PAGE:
Student Academic Grants and Awards

Presidential Scholarship

Tips for Writing Success

When you begin to write your project description for the Presidential Scholarship, you will already have substantial background in your subject and you may already have a very clear idea of exactly which questions you plan to pursue. If this is true for you, much of the following advice will be common-sense; but whether or not you are still deciding whether this application makes sense for you, it may be helpful for you to review the process. These are the steps that you should find yourself going through as you get ready to write your thesis, and any grant or scholarship application that requires completion of a specific project.

Part I. Formulation

Early development can be key to the success of your proposal. Before you begin writing, think critically about your project.

Tip #1:

More easily said than done! Your faculty advisor should help you to narrow and clarify your topic, so that your proposal is specific, focused and more importantly, manageable. The best research topic, however, will be the one you're most excited about. If you aren't fascinated and galvanized by your research topic, your readers won't be excited either.

Tip #2: Do your preliminary research.

Read widely in your subject area before you begin writing. Become familiar with the field, its principal issues, and major contributors. Put together an annotated bibliography. Consider what contribution your research will make, and tell us as clearly as you can how your project will fit into the existing literature. By the time you sit down to write your proposal, you should know what you want to research, and may have embarked on it, but you should not yet be trying to synthesize your research.

Tip #3:Envision the final product.

Your project should result in a concrete final product, such as a written investigative report, or a creative work. Although you cannot fully anticipate what final form your project will take, it is important to have a vision of what it might be. If your project is an activity of some kind, devise a method to document it so that the committee will have concrete evidence of your work.

Part II. Composition

Writing the proposal is often the most difficult component of a research project. Be prepared: give yourself enough time to write, rewrite, and revise.

Tip #4:·Brainstorm, brainstorm, brainstorm!

It can hardly be said too many times-brainstorm! Talk to friends, family, and faculty to clarify your ideas. Schedule a "pre-draft" advising session at the Writing Center. Freewrite as a way of getting your ideas on paper. Get your ideas down first; then think about how to organize them!

Tip #5: Study successful proposals.

The Office of Student Academic Grants and Awards keeps copies of successful Presidential scholarship proposals. Browse through the files, and copy two or three proposals on topics similar to yours. Study them carefully to get ideas for ways of presenting your project.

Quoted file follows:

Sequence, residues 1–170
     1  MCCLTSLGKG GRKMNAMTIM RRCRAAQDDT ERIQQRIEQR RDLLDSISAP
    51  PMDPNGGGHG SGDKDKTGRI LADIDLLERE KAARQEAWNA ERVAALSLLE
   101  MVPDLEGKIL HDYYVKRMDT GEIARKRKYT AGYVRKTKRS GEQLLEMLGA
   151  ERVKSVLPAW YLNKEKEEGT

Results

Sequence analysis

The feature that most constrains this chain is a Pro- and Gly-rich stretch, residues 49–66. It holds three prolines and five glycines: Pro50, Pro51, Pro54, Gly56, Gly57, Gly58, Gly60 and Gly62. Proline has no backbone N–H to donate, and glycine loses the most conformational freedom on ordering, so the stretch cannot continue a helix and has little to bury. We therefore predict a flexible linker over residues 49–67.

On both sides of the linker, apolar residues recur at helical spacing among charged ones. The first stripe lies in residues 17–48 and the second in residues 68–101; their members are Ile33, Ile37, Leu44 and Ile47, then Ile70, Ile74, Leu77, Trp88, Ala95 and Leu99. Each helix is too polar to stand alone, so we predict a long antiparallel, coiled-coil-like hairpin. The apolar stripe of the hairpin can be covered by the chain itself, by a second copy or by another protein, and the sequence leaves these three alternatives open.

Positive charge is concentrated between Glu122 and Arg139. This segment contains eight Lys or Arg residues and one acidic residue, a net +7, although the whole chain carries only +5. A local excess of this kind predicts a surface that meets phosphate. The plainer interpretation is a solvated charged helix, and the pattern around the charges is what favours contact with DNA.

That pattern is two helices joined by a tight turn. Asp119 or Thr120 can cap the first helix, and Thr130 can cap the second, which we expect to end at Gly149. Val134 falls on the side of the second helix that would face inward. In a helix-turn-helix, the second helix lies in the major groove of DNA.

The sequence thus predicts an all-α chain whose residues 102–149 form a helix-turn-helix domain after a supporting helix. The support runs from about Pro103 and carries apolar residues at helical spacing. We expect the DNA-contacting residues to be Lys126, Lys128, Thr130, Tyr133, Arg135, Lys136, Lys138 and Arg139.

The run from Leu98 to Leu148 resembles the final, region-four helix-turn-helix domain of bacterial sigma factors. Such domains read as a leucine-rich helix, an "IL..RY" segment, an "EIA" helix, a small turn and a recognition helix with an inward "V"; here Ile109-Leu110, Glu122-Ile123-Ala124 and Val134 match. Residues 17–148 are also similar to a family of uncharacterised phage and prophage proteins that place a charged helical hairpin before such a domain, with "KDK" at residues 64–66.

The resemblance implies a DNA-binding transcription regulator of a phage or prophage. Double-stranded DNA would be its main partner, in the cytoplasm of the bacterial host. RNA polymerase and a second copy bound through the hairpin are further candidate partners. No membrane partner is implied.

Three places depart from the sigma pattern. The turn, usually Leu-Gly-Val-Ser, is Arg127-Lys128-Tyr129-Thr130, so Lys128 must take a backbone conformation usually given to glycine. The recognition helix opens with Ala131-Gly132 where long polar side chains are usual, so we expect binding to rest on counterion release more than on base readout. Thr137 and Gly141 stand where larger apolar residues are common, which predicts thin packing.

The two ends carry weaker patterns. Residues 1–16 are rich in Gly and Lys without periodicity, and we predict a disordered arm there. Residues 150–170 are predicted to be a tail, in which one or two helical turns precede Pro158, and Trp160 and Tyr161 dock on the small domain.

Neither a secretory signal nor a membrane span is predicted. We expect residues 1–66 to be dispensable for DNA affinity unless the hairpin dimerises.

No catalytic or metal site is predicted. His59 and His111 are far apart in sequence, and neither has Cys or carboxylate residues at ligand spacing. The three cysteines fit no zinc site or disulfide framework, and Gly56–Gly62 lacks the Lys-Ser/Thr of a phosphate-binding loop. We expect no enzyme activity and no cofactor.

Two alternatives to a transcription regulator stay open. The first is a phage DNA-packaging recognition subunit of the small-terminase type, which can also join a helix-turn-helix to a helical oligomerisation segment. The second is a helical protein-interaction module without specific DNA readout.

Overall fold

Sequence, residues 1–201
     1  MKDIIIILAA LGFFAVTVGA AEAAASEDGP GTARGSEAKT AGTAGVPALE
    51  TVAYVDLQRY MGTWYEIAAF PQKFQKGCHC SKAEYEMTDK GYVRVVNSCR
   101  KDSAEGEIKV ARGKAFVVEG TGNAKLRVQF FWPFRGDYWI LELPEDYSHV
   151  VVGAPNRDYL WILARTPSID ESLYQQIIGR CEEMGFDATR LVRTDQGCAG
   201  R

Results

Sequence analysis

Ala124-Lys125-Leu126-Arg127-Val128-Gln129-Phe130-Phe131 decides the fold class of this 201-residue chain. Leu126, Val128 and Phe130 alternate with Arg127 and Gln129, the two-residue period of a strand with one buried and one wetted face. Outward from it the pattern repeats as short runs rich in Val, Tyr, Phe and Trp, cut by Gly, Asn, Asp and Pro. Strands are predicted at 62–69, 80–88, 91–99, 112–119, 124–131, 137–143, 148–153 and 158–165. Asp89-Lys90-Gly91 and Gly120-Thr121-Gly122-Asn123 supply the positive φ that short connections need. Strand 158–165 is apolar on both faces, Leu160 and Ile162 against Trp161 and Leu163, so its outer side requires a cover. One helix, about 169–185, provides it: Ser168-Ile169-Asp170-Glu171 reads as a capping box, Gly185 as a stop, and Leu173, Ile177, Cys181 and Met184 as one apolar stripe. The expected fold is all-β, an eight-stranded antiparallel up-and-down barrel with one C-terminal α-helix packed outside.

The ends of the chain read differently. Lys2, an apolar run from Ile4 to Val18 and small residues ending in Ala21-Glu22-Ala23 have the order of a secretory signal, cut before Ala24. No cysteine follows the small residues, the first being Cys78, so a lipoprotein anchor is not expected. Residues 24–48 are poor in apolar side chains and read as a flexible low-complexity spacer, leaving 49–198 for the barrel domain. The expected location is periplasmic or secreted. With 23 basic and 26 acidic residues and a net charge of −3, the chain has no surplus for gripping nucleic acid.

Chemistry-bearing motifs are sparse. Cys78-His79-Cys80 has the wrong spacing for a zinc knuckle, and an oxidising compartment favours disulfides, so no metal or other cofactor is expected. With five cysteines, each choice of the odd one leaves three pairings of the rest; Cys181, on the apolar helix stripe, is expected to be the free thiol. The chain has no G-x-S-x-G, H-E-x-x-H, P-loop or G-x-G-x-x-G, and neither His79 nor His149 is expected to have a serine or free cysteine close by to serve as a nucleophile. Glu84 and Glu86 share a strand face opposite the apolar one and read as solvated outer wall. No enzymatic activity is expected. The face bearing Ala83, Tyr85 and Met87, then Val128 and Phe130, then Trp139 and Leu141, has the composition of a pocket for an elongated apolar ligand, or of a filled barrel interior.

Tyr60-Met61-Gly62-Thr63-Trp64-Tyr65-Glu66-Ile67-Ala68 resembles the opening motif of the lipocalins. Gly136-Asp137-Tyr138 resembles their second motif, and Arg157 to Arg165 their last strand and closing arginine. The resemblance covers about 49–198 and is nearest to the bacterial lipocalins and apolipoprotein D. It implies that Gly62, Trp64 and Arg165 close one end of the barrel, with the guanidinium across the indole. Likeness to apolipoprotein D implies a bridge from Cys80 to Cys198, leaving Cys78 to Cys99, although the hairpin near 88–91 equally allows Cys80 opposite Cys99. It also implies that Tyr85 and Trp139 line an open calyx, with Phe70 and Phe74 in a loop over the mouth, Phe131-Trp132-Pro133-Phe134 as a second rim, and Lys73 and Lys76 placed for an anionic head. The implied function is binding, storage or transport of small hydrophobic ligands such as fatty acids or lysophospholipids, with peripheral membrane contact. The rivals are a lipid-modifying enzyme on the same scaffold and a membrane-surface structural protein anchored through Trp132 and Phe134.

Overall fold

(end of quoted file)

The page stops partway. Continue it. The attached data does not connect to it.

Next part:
Tip #6:Be specific.

Take time to consider your research methods and plan a budget. Don't just guess and say, "Trip to Alaska: $500." Go to the travel center or get online for a realistic estimate on airline tickets, accommodations, and other expenses. Approach your methodology and research timeline in the same way; if you need to make adjustments later, you can. It is important, though, that you convince the committee that not only is your project doable-you've figured out how to do it.

Part III. Revision

Revision is critical. Don't expect to write one draft of your proposal and be awarded a grant. A good proposal will take several revisions; be sure to give yourself time.

Tip #7:Be concise and organized.

Clearly differentiate the various parts of the proposal. For instance, in your methodology section, talk only about your methodology. Leave out extraneous information.

Tip #8:Be clear.

The undergraduate awards committee consists of faculty from a variety of academic disciplines. Your proposal should not be so discipline-specific and jargon-laden that outside readers won't understand. On the other hand, don't dumb your language down so that you insult the educated reader. If necessary, the committee will ask a specialist for an opinion on the project's viability. As you revise, consult a variety of readers, both in your discipline and outside it.

Part IV. Editing

Reread your proposal several times before submitting to the committee.

Tip #9: Avoid errors.

Because errors are easily introduced during the revision process, be sure to reread your text carefully each time you make changes. There is no excuse for grammatical and spelling errors in a grant proposal. Use spell checker by all means, but don't rely on it completely. There's no substitute for careful proofreading.

Tip #10:Make it pretty.

Take some time to format your proposal neatly, with headings and sub-headings where appropriate. A good layout is easier on the eyes of committee members who will be reading many proposals.

Keep in mind-even if you do everything right, there's still an element of luck. In the world of grant applications, your chances of success depend also on the number and quality of proposals in your subject area. If your proposal isn't accepted, don't view it as a personal attack on your research abilities or your topic. If your project is viable, look for funding from another source (the SAGA office can help with that too). And best of luck!